Painting Large Scale Heads Part 1

Mark Bannerman

While I have restricted myself to painting 1/35th scale figures over the past four or five years, I decided to take the plunge and attempt a larger scale figure. I was somewhat hesitant for two reasons - on small scale figures, you can get away with many more errors, and secondly, you have a whole lot less area to cover. Anyhow this was going to be an experiment of sorts and I was looking forward to trying it out.

I purchased one of Tamiya's 1/16th scale releases of a German in a winter outfit. I never looked at large scale figures in any great detail in the past and quite frankly, these were never of any interest to me. But I was truly amazed at the detail of this figure and could not wait to give it a go.

In this article, I will share with you how I approached painting a large scale face and hopefully provide some useful tips that will aid those who have a preference for larger scale figures. I used Rob Plas' "Painting Large Scale Figures" article in this site as a source of reference and a few articles I clipped out of Military Modelling. Rob's article is a very good source of information. For anyone who has not read this, I recommend it highly

There is always the paramount question whether the approach is or should be any different on large scale faces as it is for small scale faces. I soon found out that, in my case, there is no difference. Lynn Kessler has been saying this for a long time - but I never believed him :) I used the very same methodology which I use on 54mm figures. The only difference is in providing for sharper detail in the eyes and the need for far less "exaggerated" highlights and shadows. These are the only differences which I could find.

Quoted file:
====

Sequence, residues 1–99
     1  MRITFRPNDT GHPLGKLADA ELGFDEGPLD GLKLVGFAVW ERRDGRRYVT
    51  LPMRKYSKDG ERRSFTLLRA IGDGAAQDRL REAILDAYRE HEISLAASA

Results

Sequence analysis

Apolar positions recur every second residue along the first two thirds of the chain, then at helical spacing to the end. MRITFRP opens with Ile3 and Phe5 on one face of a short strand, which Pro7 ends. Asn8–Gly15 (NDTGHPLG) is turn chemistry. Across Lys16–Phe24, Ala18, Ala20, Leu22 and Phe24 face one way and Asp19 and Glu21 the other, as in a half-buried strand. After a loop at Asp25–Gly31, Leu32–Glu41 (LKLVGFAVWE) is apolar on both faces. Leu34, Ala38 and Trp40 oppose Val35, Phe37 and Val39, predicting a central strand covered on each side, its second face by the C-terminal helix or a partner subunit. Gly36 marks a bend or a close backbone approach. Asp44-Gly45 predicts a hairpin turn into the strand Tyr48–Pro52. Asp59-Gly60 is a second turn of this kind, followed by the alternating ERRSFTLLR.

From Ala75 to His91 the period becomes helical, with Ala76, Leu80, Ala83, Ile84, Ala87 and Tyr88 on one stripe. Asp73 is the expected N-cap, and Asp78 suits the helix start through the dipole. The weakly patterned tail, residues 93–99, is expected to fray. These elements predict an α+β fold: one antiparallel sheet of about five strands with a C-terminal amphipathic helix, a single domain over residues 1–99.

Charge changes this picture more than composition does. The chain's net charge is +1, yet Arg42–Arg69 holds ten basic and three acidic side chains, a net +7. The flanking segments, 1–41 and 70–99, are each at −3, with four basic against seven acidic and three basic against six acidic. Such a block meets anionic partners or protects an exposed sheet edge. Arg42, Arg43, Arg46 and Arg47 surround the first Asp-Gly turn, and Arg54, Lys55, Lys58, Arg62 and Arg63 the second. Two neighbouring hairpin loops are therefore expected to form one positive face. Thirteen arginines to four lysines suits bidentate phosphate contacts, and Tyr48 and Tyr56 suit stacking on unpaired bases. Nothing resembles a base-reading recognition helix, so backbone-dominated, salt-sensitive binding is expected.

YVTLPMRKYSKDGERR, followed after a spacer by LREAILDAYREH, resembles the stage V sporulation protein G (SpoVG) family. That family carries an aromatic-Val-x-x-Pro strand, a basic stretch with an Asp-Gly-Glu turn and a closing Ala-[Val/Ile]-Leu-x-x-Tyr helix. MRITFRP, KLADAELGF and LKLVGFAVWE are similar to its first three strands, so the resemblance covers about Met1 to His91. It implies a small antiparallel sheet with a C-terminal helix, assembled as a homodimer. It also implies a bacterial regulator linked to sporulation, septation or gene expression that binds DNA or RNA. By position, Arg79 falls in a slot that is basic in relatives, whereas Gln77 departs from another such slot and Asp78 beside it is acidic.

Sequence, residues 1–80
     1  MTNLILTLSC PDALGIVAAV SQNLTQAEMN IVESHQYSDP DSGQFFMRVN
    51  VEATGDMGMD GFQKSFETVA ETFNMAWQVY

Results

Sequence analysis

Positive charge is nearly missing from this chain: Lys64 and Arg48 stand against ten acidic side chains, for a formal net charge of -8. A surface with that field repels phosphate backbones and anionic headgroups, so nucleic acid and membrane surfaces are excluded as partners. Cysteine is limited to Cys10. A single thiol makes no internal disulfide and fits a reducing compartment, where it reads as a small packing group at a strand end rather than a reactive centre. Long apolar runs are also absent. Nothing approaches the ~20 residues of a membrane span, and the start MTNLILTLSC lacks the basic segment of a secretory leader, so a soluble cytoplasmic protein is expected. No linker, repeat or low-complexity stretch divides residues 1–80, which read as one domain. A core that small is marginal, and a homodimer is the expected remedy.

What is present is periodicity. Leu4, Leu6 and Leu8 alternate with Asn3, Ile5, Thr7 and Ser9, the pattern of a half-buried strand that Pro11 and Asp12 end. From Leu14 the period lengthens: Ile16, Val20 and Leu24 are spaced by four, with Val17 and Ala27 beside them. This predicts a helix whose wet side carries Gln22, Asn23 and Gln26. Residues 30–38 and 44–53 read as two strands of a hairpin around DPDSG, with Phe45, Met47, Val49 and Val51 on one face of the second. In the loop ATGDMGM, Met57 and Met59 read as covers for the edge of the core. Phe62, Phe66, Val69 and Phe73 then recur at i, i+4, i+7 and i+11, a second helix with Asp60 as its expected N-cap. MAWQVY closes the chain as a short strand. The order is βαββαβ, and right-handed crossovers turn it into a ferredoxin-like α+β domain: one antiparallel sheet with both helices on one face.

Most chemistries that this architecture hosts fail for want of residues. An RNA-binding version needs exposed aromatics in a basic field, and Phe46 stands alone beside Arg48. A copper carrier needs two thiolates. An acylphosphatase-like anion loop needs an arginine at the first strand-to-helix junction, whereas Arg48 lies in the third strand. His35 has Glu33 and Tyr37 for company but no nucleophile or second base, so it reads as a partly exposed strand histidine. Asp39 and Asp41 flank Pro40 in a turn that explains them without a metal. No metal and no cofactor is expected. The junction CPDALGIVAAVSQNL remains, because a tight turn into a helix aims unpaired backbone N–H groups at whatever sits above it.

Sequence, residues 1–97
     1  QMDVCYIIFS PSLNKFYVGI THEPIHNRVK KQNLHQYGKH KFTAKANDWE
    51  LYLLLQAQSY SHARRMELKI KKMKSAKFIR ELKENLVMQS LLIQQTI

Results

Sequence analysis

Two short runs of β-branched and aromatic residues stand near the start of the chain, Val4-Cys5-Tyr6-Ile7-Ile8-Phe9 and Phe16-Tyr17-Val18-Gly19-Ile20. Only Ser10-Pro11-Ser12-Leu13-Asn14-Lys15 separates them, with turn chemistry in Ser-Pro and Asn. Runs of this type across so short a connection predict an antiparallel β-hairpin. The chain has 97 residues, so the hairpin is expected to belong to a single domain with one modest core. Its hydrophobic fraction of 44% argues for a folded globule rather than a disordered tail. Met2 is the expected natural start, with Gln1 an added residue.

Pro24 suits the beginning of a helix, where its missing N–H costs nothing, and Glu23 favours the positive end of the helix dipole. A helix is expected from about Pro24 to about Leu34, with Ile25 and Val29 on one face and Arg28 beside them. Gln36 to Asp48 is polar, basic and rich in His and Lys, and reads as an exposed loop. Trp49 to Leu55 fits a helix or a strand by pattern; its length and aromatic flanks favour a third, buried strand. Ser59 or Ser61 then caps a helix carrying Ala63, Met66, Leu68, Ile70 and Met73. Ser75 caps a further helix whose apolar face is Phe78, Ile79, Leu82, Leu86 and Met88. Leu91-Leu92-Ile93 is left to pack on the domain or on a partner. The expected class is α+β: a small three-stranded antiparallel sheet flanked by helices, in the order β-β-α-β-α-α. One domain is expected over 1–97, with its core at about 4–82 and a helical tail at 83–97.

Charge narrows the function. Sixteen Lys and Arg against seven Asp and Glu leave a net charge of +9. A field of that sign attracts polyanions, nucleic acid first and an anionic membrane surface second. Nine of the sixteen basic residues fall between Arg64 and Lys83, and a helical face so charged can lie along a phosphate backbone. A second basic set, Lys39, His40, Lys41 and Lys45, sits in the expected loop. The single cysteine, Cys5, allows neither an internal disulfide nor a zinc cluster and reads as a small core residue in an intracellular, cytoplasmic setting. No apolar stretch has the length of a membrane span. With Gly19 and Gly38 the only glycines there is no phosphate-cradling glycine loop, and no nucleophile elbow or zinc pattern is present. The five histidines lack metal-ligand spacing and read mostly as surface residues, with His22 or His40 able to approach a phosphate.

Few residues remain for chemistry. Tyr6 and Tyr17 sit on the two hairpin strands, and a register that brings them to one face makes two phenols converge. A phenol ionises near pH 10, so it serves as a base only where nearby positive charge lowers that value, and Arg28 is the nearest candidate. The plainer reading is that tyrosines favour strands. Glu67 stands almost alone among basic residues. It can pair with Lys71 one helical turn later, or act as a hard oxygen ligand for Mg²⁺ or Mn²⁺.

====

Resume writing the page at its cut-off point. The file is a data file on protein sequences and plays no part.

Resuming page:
I painted the head in oils using the same approach per my article on "Painting Faces in 1/35th and 54mm Scale" - that is, primed in Tamiya acrylics and the rest in oils. I spent an entire morning getting the head painted and I was very pleased with the outcome. I added two series of highlights and two series of shadows and it turned out remarkably well. I let the head sit for three days to allow the oils to thoroughly dry before I put the final touch of a few squirts of Semi-Gloss coat. Alas, in my final step of spraying gloss coat straight from a Testors can, I accidentally sprayed Matt White and completely obliterated the face ! I was mortified - my first attempt on a large head gone down the drain! This will teach me a valuable lesson - put the correct cap back on the spray cans when finished.